Your perception of Apple's iPhone probably has a lot to do with your personal philosophy of computing.
Do you want unfettered freedom to run anything, whenever and however you want it? Or do you only need a few vital applications to make you happy, and really just want the damn thing to work reliably?
In these, the early days of the iPhone, it's very clear that Apple has taken a very cautious approach to independent iPhone developers and software development. Contrast that approach with Microsoft, which built a PC empire catering to developers' needs, and would like to expand that into the mobile realm.
However, developing software for mobile devices has been, and seems like it will be, very different from the development process for PCs and Macs. How this give-and-take between operating system developers and application developers evolves--not just at Apple, but for smartphone development in general--could dictate the evolution of truly mobile computing.
If limiting the role of independent developers helps create secure and reliable computers, doesn't that seem worth it to everyone? (Except, of course, to the developers.) That seems to be Apple's position, although the company declined an interview request in search of a clearer picture. The vast majority of developers are professionals or hobbyists who wouldn't dream of writing inferior or malicious code, but viruses, malware, and poorly written applications still proliferate.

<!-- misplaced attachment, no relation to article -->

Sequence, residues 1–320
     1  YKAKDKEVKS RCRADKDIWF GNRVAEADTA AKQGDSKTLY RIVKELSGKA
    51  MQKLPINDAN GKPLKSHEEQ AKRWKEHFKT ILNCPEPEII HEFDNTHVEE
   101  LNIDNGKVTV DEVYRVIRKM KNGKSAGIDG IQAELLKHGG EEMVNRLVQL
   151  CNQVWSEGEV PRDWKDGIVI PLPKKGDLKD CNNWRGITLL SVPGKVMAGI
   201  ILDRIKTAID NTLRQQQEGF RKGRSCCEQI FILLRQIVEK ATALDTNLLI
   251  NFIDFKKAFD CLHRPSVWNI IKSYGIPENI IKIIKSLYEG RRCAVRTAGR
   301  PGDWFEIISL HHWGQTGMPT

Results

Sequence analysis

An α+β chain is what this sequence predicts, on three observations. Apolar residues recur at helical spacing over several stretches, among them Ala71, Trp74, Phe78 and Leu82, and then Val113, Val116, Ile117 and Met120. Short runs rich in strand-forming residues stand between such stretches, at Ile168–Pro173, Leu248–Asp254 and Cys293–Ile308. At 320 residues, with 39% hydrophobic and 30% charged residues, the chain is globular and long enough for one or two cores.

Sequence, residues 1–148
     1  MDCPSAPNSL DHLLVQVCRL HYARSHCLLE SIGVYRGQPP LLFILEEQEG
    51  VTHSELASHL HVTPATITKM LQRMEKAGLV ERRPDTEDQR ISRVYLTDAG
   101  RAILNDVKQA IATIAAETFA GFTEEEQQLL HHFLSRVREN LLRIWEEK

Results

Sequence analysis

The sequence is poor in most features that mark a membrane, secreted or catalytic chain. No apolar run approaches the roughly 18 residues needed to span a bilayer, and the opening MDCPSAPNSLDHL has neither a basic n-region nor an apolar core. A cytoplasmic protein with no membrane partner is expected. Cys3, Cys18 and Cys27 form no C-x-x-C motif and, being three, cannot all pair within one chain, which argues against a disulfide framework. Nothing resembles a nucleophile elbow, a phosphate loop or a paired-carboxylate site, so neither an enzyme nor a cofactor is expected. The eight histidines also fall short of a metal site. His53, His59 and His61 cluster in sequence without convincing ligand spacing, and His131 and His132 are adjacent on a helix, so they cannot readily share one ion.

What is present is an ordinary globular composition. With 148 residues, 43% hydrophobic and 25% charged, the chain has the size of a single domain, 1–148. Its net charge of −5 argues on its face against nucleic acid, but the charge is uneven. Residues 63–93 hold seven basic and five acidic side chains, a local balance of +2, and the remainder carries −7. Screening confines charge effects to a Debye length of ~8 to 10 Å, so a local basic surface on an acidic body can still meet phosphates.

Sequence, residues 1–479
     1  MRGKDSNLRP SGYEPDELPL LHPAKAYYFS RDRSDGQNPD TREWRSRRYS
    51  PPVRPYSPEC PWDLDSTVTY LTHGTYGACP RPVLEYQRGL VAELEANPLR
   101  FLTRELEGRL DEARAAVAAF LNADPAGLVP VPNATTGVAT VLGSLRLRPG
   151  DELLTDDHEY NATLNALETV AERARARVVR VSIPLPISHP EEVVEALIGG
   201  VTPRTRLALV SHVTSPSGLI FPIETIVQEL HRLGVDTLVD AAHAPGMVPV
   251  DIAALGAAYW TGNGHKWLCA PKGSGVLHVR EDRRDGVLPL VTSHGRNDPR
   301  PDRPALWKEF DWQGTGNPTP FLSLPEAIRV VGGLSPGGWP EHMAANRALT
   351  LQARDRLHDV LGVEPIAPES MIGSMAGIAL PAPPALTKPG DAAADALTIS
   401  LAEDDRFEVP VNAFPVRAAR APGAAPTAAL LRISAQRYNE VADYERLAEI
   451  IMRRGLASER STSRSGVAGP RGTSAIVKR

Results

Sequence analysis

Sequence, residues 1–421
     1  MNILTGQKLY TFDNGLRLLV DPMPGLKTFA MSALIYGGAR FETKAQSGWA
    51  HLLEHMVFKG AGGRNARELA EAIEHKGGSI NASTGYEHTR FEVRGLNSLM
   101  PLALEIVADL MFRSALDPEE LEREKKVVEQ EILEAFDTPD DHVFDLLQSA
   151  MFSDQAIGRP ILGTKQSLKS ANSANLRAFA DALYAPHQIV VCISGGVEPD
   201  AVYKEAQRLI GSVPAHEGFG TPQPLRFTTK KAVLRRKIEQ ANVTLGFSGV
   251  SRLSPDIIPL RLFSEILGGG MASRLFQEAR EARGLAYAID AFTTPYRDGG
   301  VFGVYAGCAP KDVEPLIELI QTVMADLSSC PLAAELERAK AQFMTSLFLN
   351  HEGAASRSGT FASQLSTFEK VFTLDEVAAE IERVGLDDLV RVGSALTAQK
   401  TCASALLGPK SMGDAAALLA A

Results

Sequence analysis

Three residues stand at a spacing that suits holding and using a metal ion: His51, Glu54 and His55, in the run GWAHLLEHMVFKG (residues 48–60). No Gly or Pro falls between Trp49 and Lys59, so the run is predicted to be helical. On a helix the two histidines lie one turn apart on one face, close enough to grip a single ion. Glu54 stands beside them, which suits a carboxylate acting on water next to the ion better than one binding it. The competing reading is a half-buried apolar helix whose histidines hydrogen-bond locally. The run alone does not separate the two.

On the other hand, imagine how you'd feel if another company controlled everything you can or can't do with its product after you brought it home. I don't think people would be too thrilled if Honda decided that the after-market installation of a third-party stereo voided the warranty, based on the rationale that the car is now much more likely to be stolen.
Such is the hubbub over the Mac OS X goodies, have been chastened to learn that they won't be able to create applications the way they want because of restrictions imposed by Apple on development tactics., which is still a work in progress. Some developers, captivated by the promise of the iPhone's unique combination of touch screen, accelerometer, and